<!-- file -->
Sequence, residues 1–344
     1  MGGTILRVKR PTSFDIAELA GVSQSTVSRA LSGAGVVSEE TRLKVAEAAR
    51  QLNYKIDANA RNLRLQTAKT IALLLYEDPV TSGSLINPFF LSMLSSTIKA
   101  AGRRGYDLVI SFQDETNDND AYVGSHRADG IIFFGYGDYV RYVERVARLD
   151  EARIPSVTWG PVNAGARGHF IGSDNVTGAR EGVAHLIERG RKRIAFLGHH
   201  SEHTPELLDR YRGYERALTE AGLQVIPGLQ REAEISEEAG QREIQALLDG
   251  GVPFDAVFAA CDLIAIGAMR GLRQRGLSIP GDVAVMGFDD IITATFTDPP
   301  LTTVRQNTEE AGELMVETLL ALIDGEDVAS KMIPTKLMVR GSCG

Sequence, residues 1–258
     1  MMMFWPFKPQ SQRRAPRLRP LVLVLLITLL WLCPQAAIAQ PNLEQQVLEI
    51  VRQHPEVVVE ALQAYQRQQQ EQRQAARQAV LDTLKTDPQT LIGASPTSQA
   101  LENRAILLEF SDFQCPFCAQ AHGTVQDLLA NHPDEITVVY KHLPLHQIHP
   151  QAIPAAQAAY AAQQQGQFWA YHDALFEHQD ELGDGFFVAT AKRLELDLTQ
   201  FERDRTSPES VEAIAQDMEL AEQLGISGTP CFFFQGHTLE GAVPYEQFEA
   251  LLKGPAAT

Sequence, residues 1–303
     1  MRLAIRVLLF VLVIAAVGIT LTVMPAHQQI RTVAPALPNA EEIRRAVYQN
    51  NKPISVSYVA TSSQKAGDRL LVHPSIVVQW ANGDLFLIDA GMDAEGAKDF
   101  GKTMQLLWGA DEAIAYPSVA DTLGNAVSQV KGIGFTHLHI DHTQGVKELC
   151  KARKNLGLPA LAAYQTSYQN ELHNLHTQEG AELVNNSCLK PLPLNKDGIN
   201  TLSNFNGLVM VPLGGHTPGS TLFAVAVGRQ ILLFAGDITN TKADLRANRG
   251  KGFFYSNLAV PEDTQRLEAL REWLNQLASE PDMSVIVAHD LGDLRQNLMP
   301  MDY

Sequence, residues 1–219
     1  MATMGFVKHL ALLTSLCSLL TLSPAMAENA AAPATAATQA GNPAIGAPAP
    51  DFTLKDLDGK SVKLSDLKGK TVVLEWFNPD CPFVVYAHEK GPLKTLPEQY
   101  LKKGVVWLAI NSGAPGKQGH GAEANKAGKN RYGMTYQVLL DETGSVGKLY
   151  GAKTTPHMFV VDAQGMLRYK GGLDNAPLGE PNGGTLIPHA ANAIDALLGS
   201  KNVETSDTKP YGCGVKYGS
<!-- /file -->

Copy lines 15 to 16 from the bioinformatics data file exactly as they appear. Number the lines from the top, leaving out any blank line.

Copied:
   251  LLKGPAAT

Sequence, residues 1–303